THIS WEEK'S TOP STORIES
Pawleys Island: Opposition scuttles legislation to restore town’s golf cart ban
By Charles Swenson
State Rep. Stephen Goldfinch said this week he would withdraw the measure he introduced last week to allow the town of Pawleys Island to restore its ban on golf carts after receiving an outpouring of opposition.
The town has prohibited golf carts by ordinance since 2000, but a change in state law last year restricted the ability of local government to regulate the vehicles. The change extended the limit on golf carts from 2 to 4 miles from the owner’s home and allowed people who live in gated communities to measure that distance from the community entrance.
The town learned about the impact of the new law on its ordinance earlier this month when Matt Lowenbach, who lives off the South Causeway, went for a drive in his E-Z-Go with his license, registration and a copy of the law. He said he learned about the change in state law from a friend.
“Nobody would have had any idea,” he said.
The Town Council met with its attorney, but took no action. However, Mayor Bill Otis contacted Goldfinch and state Sen. Ray Cleary about restoring the ability of local government to restrict golf carts.
“My first response was, that makes a lot of sense,” said Goldfinch, who offered an amendment last week to a bill already in committee. “I had no idea there would be such outrage.”
He said he received more e-mails and phone calls about golf carts than he did about the Medicaid expansion that the House debated this year.
“It’s not just the random person who owns a golf cart,” he added. Residents, business owners and other lawmakers all told him the local restrictions are a bad idea.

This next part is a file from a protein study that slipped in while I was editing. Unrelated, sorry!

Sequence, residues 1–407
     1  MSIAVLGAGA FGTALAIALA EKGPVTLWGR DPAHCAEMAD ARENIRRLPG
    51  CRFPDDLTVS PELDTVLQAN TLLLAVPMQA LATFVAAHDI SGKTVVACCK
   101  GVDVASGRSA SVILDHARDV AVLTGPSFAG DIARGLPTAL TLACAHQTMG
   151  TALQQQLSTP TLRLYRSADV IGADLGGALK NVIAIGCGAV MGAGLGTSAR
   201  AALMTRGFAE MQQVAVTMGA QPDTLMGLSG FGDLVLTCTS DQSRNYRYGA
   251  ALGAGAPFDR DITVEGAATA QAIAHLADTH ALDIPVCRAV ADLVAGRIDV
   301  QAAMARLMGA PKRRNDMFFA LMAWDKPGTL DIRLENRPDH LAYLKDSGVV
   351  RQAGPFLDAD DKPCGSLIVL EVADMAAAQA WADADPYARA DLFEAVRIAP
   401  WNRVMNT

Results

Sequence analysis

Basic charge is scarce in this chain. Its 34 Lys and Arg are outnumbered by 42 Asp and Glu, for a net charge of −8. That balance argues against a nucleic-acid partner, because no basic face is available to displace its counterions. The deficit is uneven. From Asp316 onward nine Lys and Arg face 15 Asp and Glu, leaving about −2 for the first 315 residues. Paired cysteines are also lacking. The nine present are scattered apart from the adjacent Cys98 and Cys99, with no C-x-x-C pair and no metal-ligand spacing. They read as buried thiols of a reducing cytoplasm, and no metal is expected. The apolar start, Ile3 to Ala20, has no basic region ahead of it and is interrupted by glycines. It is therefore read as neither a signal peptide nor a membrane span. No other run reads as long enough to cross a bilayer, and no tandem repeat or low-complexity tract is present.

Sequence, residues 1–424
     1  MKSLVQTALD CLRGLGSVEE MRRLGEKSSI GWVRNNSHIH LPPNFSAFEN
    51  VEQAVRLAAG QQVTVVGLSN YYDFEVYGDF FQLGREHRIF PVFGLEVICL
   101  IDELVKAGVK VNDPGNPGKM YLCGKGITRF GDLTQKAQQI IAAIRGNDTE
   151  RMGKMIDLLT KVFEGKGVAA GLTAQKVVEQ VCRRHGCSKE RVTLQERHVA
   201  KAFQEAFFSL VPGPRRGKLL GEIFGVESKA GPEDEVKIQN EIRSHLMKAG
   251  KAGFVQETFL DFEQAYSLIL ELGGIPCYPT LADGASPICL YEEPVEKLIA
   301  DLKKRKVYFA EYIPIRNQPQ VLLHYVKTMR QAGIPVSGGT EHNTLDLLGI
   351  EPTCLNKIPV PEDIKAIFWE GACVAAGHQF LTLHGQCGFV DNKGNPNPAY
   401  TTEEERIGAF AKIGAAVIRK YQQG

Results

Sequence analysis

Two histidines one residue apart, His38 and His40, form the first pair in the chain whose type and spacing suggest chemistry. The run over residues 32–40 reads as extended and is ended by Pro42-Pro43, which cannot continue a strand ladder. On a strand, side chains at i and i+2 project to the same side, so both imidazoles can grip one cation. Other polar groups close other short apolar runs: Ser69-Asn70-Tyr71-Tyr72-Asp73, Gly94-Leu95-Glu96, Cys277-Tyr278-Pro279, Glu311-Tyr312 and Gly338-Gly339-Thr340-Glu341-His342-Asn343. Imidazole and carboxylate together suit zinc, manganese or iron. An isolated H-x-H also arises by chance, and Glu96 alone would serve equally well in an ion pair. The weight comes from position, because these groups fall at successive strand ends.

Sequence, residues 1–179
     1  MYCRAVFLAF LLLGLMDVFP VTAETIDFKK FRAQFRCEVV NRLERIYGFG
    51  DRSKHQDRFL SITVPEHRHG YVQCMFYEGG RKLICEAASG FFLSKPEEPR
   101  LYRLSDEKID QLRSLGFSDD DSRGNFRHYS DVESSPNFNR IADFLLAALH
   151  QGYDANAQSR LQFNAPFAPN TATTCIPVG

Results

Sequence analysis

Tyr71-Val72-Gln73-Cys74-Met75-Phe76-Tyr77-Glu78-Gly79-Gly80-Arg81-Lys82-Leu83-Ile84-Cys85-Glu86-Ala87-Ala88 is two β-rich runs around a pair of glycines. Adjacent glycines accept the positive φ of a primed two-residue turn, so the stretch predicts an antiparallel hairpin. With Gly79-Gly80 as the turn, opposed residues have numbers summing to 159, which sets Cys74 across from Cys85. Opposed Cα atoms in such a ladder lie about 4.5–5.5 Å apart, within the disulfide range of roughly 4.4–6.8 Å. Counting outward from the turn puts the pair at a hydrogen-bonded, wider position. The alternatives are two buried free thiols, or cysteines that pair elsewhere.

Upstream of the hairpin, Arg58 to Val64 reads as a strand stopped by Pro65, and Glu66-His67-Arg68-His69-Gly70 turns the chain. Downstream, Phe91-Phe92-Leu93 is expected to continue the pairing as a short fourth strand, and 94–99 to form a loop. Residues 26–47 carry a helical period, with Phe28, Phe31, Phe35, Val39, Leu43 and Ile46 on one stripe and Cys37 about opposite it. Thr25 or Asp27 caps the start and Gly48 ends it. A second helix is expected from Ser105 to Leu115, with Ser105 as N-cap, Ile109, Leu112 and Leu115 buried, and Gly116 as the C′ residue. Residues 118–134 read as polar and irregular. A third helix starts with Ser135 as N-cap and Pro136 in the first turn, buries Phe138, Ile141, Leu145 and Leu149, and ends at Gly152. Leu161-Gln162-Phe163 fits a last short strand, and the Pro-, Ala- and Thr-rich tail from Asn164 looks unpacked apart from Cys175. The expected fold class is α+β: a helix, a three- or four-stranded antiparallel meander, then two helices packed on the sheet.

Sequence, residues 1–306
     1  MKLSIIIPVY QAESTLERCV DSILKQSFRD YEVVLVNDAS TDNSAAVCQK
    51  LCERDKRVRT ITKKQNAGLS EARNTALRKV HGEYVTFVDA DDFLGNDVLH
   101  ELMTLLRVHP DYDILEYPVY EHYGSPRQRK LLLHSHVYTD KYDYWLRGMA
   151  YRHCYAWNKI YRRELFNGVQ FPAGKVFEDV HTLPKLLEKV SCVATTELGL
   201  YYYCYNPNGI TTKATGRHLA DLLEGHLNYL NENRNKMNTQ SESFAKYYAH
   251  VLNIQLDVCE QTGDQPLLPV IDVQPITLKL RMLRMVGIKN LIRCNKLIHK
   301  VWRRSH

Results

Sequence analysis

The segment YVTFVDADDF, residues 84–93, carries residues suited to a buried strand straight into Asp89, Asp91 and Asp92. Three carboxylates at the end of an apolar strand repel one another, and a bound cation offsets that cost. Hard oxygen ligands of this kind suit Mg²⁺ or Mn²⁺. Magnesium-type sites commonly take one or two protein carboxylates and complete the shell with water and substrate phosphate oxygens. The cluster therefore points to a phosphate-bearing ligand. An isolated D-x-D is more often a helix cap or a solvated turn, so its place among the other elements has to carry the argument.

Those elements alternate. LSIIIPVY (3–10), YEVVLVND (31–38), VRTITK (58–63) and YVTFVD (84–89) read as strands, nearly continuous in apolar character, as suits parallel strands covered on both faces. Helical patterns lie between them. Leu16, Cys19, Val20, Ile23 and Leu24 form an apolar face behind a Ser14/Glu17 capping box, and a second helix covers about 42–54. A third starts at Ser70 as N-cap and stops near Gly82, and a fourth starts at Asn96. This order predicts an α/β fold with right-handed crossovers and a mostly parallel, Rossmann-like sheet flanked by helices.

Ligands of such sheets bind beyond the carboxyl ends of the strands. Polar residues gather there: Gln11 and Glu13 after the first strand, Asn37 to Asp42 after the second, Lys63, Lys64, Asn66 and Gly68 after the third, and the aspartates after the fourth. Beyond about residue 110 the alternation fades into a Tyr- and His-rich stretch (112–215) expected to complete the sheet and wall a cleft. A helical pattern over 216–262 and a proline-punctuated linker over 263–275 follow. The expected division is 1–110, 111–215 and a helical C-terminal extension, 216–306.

He said he would table his amendment Wednesday.
Although Goldfinch said the town should have the ability to control its streets, the roads on Pawleys Island are maintained by the state. “They’re state roads, but the town gets the ability to restrict” golf carts, he said.
“The problem here lies in that the people on the mainland don’t have a voice in the town,” Goldfinch said. “They pay the same taxes. They should have the same right to access.”
That bill that Goldfinch sought to amend would add a penalty to the existing law for violations and would allow golf carts that have headlights and taillights to operate at night.
The law gives local government the ability to restrict the range of golf carts from 4 miles to 2 miles. Carts must be registered with the Department of Motor Vehicles and be insured. Drivers must be at least 16 and have a valid driver’s license.
The carts can only be operated on roads where the speed limit is 35 mph or lower. They are allowed to cross roads with higher speed limits.
The town of Pawleys Island says the golf cart ban was intended to make the streets safer for pedestrians and cyclists by reducing congestion. “Both the past and the present police chief consider that a real safety issue,” Mayor Bill Otis said. “I hope and pray nobody will get hurt.”
“My biggest question is, if it’s for safety, show us some data,” Lowenbach said. “I’m not disputing what they’re saying. I just want to see the data.”
He agrees with the other provisions in the law. “If you’re not driving it properly, you should be fined,” he said.
Lowenbach was among those who sent a message of opposition to Goldfinch. “I’ve never done anything like this before,” he said.
But he was hardly alone. Goldfinch said lawmakers from Beaufort and Charleston counties were among those who told him their constituents also had objections to letting local government restrict golf carts.
“The people of the state want the ability to drive their golf carts,” Goldfinch said.
Otis hasn’t heard from other municipalities, but said “I think some cities will be shocked to learn golf carts can be driven on their streets.”
Lowenbach usually goes to the beach at the popular First Street access north of Pawleys Pier. Last summer, he drove his Dodge extended-cab pickup truck. “I’m thinking this will be easier to park,” he said of his golf cart.